Amazon EKS allows you to use network policy engines such as Calico and Cilium. By default, the network policy engines are not installed. Please check the respective install guides for instructions on how to set up. For more information on how to use network policy, see EKS Security best practices. The DNS hostnames feature is available in the enterprise versions of network policy engines, which could be useful for controlling traffic between Kubernetes Services/Pods and resources that run outside of AWS. Also, you can consider DNS hostname support for AWS services that don't support security groups by default.

Tag a single Security Group to use AWS Loadbalancer Controller

When many security groups are allocated to a Pod, Amazon EKS recommends tagging a single security group with$name shared or owned. The tag allows the AWS Loadbalancer Controller to update the rules of security groups to route traffic to the Pods. If just one security group is given to a Pod, the assignment of a tag is optional. Permissions set in a security group are additive, therefore tagging a single security group is sufficient for the loadbalancer controller to locate and reconcile the rules. It also helps to adhere to the default quotas defined by security groups.

Configure NAT for Outbound Traffic

Source NAT is disabled for outbound traffic from Pods that are assigned security groups. For Pods using security groups that require access the internet launch worker nodes on private subnets configured with a NAT gateway or instance and enable external SNAT in the CNI.

kubectl set env daemonset -n kube-system aws-node AWS_VPC_K8S_CNI_EXTERNALSNAT=true

Deploy Pods with Security Groups to Private Subnets

Pods that are assigned security groups must be run on nodes that are deployed on to private subnets. Note that Pods with assigned security groups deployed to public subnets will not able to access the internet.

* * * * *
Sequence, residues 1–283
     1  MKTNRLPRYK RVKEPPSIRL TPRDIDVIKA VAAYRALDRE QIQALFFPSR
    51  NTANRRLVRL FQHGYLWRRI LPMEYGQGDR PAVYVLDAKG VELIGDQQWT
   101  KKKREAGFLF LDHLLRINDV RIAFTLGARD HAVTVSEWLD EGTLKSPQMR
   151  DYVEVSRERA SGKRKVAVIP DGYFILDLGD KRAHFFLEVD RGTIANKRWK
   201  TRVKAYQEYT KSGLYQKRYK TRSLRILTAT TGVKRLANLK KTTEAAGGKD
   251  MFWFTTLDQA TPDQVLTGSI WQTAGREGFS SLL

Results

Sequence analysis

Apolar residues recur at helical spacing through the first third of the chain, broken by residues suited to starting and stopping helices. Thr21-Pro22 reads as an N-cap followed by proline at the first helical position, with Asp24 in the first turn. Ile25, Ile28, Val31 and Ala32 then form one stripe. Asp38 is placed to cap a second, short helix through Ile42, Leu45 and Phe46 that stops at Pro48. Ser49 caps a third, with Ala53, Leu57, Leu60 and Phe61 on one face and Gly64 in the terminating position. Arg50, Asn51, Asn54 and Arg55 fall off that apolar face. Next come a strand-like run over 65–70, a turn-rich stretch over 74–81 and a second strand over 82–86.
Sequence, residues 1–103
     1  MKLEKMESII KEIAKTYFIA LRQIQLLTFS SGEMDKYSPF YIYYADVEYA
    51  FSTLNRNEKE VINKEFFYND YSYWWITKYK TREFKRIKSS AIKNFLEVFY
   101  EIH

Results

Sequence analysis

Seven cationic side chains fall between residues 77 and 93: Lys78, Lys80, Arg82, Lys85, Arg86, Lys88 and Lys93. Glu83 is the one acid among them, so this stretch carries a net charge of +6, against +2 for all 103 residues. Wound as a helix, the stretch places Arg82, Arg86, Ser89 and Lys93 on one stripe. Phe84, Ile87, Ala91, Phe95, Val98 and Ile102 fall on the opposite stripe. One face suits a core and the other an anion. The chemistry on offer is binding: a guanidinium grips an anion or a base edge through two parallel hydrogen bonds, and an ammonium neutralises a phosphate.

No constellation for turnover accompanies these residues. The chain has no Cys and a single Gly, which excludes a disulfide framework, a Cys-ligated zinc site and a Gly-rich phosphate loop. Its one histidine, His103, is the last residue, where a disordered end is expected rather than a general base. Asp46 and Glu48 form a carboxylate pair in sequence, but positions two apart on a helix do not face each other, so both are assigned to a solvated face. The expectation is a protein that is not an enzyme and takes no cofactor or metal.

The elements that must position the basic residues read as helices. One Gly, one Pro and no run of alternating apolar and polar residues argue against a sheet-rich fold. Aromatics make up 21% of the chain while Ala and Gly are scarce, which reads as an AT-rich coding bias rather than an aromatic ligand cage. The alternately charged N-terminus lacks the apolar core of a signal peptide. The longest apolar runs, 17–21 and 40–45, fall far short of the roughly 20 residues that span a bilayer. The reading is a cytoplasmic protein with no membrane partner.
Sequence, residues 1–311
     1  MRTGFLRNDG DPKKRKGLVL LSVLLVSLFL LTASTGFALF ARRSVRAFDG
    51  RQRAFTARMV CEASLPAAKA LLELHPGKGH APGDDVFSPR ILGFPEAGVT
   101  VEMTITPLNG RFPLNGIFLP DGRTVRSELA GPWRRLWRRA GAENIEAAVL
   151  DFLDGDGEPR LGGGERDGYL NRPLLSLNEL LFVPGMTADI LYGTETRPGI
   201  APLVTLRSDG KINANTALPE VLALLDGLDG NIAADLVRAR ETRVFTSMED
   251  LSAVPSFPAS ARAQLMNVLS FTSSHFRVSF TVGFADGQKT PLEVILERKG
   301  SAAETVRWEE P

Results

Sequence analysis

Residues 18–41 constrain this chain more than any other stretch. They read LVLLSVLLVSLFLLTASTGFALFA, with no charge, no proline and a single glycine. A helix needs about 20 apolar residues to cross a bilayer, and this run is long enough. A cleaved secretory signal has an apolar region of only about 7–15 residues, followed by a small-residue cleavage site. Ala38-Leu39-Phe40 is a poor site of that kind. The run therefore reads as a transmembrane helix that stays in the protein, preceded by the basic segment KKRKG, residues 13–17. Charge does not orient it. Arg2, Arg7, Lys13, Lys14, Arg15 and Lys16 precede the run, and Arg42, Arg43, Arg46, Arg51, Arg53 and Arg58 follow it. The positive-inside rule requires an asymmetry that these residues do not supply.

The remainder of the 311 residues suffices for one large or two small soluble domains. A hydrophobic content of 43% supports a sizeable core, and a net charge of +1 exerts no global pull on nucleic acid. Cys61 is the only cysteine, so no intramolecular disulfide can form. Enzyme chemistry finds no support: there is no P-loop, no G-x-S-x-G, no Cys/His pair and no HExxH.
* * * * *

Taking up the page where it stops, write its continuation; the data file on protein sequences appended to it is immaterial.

Verify terminationGracePeriodSeconds in Pod Specification File

Ensure that terminationGracePeriodSeconds is non-zero in your Pod specification file (default 30 seconds). This is essential in order for Amazon VPC CNI to delete the Pod network from the worker node. When set to zero, the CNI plugin does not remove the Pod network from the host, and the branch ENI is not effectively cleaned up.

Using Security Groups for Pods with Fargate

Security groups for Pods that run on Fargate work very similarly to Pods that run on EC2 worker nodes. For example, you have to create the security group before referencing it in the SecurityGroupPolicy you associate with your Fargate Pod. By default, the cluster security group is assiged to all Fargate Pods when you don't explicitly assign a SecurityGroupPolicy to a Fargate Pod. For simplicity's sake, you may want to add the cluster security group to a Fagate Pod's SecurityGroupPolicy otherwise you will have to add the minimum security group rules to your security group. You can find the cluster security group using the describe-cluster API.

 aws eks describe-cluster --name CLUSTER_NAME --query 'cluster.resourcesVpcConfig.clusterSecurityGroupId'
cat >my-fargate-sg-policy.yaml <<EOF
kind: SecurityGroupPolicy
  name: my-fargate-sg-policy
  namespace: my-fargate-namespace
      role: my-fargate-role
      - cluster_security_group_id
      - my_fargate_pod_security_group_id

The minimum security group rules are listed here. These rules allow Fargate Pods to communicate with in-cluster services like kube-apiserver, kubelet, and CoreDNS. You also need add rules to allow inbound and outbound connections to and from your Fargate Pod. This will allow your Pod to communicate with other Pods or resources in your VPC. Additionally, you have to include rules for Fargate to pull container images from Amazon ECR or other container registries such as DockerHub. For more information, see AWS IP address ranges in the AWS General Reference.

You can use the below commands to find the security groups applied to a Fargate Pod.

kubectl get pod FARGATE_POD -o jsonpath='{.metadata.annotations.vpc\.amazonaws\.com/pod-eni}{"\n"}'

Note down the eniId from above command.

aws ec2 describe-network-interfaces --network-interface-ids ENI_ID --query 'NetworkInterfaces[*].Groups[*]'

Existing Fargate pods must be deleted and recreated in order for new security groups to be applied. For instance, the following command initiates the deployment of the example-app. To update specific pods, you can change the namespace and deployment name in the below command.

kubectl rollout restart -n example-ns deployment example-pod